When it comes to testing a DSLR video camera, there are few whose judgement…
Want the full story on what 5-Axis IS does? Play this movie above and in two minutes find out. Only have thirty seconds to spend? Play the quick marketing overview piece below.
The Sony juggernaut just never rests. First came the groundbreaking Sony A7, packing twenty four megapixels into a tiny body almost small enough to slip into your jacket pocket. Today, the refreshed Sony A7 II model was announced in Japan. Always great at keeping their announcements secret, the real news on this 24MP full-frame mirrorless is its 5-axis sensor-shift image stabilization – a first of its kind for a full-frame mirrorless camera. This is a similar system sported by the Olympus OMD E-M1, where it works a treat with the M43 sensor, so should take the shake out of our full-frame images just as well. Many claim the 5-axis IS to be the best feature on the E-M1. Sony claims that this IS system can reduce camera sensor shake by 4.5 stops using the CIPA standard. Wow, that is a lot of stabilization. In addition, if one of the Sony E-mount lens with OSS is attached, the camera will detect it and automatically use a combination of in-lens and in-body stabilization working together. Smart move, take advantage of the best of both worlds. It sounds like Sony is getting real serious declaring war on shaky video! This major new feature should help sales on the new A7II, where the earlier A7 sales have been somewhat anemic compared with the sales of the immensely popular A7R and A7S siblings.
Like the original Sony A7, the Sony A7II features 117 phase detect and 25 contrast detect points on its CMOS sensor, however Sony claims a 30% improvement in the Sony a7II AF speed and 1.5x better tracking performance than its predecessor. Time will tell on the latter claim, and if accurate, will be a welcome improvement. Sony says this is all thanks to its ‘proprietary image analysis technology’ using more information from a scene to keep focus locked on a subject. I call it techie hocus locus, but who cares what it is called as long as it works! I guess this means a smarter chip, but we will have to take a wait and see attitude on this one. Something to be tested once this new camera starts shipping is the exciting prospect of using my manual focus Leica and Zeiss glass with full IS. That gets my juices going, for sure!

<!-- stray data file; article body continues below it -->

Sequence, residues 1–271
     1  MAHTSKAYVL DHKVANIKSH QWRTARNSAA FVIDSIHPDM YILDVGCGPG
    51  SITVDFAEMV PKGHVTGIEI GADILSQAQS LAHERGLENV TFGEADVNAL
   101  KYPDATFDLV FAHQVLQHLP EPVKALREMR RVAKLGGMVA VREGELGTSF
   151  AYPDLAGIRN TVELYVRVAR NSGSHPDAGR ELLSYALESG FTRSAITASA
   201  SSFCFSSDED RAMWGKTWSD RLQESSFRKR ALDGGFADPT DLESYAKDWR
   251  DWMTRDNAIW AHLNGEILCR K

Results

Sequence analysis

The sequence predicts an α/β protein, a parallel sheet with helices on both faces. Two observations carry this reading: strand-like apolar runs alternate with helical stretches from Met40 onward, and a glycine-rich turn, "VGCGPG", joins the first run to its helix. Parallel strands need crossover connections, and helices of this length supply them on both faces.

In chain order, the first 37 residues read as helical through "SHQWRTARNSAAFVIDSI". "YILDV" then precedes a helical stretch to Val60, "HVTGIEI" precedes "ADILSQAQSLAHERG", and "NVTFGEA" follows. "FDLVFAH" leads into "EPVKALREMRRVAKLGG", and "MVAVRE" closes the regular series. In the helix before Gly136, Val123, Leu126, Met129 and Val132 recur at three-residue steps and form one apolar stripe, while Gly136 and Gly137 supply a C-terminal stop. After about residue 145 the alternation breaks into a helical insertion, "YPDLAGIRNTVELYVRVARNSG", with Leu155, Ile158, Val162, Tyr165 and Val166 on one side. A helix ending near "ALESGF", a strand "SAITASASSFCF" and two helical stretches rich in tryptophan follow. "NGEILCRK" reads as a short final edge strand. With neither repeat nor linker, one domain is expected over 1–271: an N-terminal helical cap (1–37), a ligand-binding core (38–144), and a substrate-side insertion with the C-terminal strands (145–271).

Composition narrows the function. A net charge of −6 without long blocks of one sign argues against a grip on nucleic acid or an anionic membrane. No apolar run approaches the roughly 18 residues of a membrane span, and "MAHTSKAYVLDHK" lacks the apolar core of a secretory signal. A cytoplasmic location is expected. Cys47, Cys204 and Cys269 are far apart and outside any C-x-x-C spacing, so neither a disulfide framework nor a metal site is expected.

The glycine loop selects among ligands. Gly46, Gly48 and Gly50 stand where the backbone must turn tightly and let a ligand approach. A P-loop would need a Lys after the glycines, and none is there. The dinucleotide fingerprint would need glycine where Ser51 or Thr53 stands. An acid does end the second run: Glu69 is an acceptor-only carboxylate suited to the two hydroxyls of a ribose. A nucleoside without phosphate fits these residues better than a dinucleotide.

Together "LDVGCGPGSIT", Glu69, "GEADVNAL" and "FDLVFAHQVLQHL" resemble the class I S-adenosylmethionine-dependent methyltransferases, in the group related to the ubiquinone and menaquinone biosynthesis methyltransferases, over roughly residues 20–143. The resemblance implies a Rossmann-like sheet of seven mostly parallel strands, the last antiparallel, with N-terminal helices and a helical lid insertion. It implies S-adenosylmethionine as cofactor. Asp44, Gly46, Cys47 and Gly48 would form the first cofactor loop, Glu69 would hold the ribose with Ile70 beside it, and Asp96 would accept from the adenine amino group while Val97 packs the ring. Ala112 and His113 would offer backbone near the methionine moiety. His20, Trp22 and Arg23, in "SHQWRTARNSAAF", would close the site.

We also have some fantastic news on the video front, with Sony including in the Sony A7 II support for the fabulous XAVC S codec, which can record 1080/60p video at 50Mbps. The camera also supports S-Log2 to capture a wide dynamic range in video for post grading. These are two very serious improvements, and two of my favorite features found on the sister camera, the Sony A7S.
The physical features of the camera are changes primarily to the grip, which is larger and has grown a front dial control. The shutter release button has been moved to a more natural position on the top front of the grip so your finger falls naturally to the right position. The on/off switch positioned just below the shutter release button also for more immediate “single finger” control. With the already increased power on speed in the latest A7 firmware update just released, this position change and the faster warmup should bring the Sony A7 II to the point of being ready for action much more quickly than its older sibling. Oh, and the front panel is now magnesium alloy instead of plastic which should greatly reduce flex with heaver lenses. The lens mount has also been reinforced, for more stability, again when using heavy long telephoto lenses.
The a7 II is expected to ship in Japan on December 5th. It will be available in the USA on December 9th for $1700 body only and $2000 with the 28-70mm F3.5-5.6 FE lens.
So what do the fans think of the inclusion of image stabilization in this new Sony A7II? A picture is worth a thousand words!
PLEASE RATE THIS STORY!